General Project Types – Page 2

Run-of-River Hydropower

Figure 6: Schematic of Run-of-River Hydropower
Source: U.S. Department of Energy

Run-of-river hydropower installations do not require large storage reservoirs and are commonly used for small hydropower systems. Run-of-river hydropower systems divert and convey a portion of a river’s water and convey the water through a channel or pressurized pipeline (penstock). The pressurized penstock then delivers the water to the hydropower turbine and is discharged back into the river. A schematic of a run-of-river hydropower installation is shown in Figure 6.

i) Strawberry Creek

The Strawberry Creek facility is a certified low-impact, run-of-river hydroelectric facility owned and operated by Lower Valley Energy on federal land in the Bridger-Teton National Forest near Bedford, Wyoming. The project consists of a concrete gravity dam 22 feet high and 110 feet long with a 40-foot long overflow spillway in the channel of Strawberry Creek. The dam diverts flows into a 2.3-mile long penstock and can supply up to 48 cfs for power generation. The powerhouse consists of three 500 kW Pelton turbines for a combined capacity of 1,500 kW. The turbines utilize 500 feet of head and 16 cfs each.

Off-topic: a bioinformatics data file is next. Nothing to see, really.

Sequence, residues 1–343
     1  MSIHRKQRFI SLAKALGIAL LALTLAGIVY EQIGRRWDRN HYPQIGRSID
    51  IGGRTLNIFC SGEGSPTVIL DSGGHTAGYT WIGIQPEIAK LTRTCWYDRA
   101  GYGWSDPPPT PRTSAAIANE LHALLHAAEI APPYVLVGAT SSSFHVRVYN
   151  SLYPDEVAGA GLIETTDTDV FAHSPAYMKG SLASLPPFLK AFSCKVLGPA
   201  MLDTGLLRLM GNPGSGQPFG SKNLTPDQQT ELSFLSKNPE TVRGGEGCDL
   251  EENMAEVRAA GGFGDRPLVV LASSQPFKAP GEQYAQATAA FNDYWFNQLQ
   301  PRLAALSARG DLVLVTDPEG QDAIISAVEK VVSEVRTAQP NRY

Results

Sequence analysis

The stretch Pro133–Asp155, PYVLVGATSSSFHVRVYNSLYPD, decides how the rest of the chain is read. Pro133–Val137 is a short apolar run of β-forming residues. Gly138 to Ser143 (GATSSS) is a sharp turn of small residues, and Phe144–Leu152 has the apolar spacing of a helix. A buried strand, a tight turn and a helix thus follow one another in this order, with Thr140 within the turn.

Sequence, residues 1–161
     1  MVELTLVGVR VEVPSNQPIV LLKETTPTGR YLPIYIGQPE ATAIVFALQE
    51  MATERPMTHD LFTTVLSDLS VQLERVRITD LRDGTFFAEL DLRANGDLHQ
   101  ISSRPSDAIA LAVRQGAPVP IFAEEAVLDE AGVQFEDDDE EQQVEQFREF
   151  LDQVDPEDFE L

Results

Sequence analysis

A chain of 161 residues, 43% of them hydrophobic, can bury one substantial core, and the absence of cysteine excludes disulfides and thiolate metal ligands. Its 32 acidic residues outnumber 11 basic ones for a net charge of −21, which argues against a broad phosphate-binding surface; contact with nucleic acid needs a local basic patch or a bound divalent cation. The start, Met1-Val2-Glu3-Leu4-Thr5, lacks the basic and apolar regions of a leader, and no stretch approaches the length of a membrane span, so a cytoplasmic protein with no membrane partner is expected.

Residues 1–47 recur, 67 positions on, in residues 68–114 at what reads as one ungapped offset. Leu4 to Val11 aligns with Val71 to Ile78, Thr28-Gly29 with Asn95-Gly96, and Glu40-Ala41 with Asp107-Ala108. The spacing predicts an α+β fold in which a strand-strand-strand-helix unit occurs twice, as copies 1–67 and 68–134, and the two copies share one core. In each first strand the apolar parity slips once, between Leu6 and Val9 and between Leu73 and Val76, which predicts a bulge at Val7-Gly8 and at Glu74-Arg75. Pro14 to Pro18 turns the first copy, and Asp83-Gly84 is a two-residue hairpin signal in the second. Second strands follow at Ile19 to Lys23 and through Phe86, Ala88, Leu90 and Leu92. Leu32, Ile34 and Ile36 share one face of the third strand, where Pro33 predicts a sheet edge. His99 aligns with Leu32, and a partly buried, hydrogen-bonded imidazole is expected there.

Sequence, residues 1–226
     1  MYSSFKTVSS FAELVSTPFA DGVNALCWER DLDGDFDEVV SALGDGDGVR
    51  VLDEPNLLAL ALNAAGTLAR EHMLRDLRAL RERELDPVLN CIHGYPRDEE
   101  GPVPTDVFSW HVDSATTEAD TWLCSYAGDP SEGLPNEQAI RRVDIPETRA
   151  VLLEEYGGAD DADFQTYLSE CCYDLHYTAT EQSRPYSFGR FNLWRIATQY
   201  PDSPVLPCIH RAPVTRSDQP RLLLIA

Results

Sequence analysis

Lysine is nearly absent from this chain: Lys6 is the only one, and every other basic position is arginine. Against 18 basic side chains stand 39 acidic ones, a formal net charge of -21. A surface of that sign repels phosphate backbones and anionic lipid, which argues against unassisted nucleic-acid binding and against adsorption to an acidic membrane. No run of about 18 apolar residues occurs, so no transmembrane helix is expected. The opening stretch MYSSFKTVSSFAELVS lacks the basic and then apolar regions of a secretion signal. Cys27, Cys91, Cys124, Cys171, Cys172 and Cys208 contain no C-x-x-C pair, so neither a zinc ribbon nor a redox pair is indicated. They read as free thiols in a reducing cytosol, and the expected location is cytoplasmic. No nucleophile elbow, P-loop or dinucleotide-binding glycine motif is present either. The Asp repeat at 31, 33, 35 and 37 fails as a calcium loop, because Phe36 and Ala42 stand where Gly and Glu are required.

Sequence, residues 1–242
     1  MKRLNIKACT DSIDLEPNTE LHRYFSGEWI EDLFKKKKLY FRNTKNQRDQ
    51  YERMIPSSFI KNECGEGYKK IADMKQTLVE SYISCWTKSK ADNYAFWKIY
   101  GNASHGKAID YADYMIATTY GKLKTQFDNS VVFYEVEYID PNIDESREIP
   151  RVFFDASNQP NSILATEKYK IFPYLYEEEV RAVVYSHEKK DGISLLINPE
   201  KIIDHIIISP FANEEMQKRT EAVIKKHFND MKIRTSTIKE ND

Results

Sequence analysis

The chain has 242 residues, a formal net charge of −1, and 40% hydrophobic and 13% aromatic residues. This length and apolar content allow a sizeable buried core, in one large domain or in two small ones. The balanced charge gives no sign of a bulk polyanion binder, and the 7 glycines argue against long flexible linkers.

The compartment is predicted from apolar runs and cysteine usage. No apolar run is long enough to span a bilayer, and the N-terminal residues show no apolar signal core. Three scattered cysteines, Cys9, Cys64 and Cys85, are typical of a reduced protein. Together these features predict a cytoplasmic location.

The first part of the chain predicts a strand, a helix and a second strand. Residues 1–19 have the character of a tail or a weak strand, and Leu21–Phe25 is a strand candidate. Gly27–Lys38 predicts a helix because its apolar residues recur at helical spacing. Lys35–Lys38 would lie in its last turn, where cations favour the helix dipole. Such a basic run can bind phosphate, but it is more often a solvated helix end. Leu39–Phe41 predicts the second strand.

Conduit Hydropower

Conduit hydropower uses an already existing conduit (pipe or canal) that supplies water for purpose other than hydropower. Conduit hydropower systems are found in municipal water pipelines and irrigation distribution systems, where power can be generated from excess pressure that otherwise would have to be mechanically reduced by a pressure reducing valve. This type of hydropower plant is often very low impact and cost-effective, as they utilize existing infrastructure.

i) Garland Canal Power Plant

The Garland Canal Power Plant is owned and operated by the Shoshone Irrigation District near Ralston, Wyoming. The powerplant utilizes irrigation flows in the Garland Canal to generate power and consists of one semi-Kaplan turbine with a 2,900 kW generator. The powerplant was constructed in 1983 and utilizes 52 feet of head and 800 cfs.

Figure 7 - Semi-Kaplan Turbine
Figure 7: Semi-Kaplan Turbine
Photo courtesy of Shoshone Irrigation District
Figure 8: Folding Weir and Intake
Figure 8: Folding Weir and Intake
Photo courtesy of Shoshone Irrigation District

ii) Pilot Butte Powerplant